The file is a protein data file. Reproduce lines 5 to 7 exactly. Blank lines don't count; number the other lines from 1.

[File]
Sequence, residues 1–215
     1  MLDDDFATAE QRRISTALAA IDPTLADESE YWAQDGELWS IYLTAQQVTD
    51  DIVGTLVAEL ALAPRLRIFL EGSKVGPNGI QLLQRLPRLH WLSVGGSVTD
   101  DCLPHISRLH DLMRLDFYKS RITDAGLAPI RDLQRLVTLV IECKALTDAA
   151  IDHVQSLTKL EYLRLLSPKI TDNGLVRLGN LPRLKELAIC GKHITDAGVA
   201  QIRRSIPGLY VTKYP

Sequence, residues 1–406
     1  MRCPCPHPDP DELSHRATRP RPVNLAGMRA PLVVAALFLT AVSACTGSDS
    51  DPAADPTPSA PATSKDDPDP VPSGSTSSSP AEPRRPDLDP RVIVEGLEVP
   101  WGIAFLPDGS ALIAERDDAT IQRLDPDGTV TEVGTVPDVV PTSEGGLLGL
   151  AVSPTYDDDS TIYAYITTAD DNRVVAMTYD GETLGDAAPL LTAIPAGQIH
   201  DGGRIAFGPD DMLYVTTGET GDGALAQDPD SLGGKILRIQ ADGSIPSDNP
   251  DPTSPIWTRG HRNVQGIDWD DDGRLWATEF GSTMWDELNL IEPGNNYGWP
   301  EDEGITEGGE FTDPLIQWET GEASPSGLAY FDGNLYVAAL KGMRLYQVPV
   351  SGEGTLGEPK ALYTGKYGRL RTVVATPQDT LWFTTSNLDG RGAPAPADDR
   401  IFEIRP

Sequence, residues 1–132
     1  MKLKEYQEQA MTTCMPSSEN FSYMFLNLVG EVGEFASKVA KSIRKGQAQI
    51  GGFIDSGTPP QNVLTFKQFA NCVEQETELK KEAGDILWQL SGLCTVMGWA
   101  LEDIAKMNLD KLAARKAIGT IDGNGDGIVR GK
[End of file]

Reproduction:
   151  IDHVQSLTKL EYLRLLSPKI TDNGLVRLGN LPRLKELAIC GKHITDAGVA
   201  QIRRSIPGLY VTKYP

Sequence, residues 1–406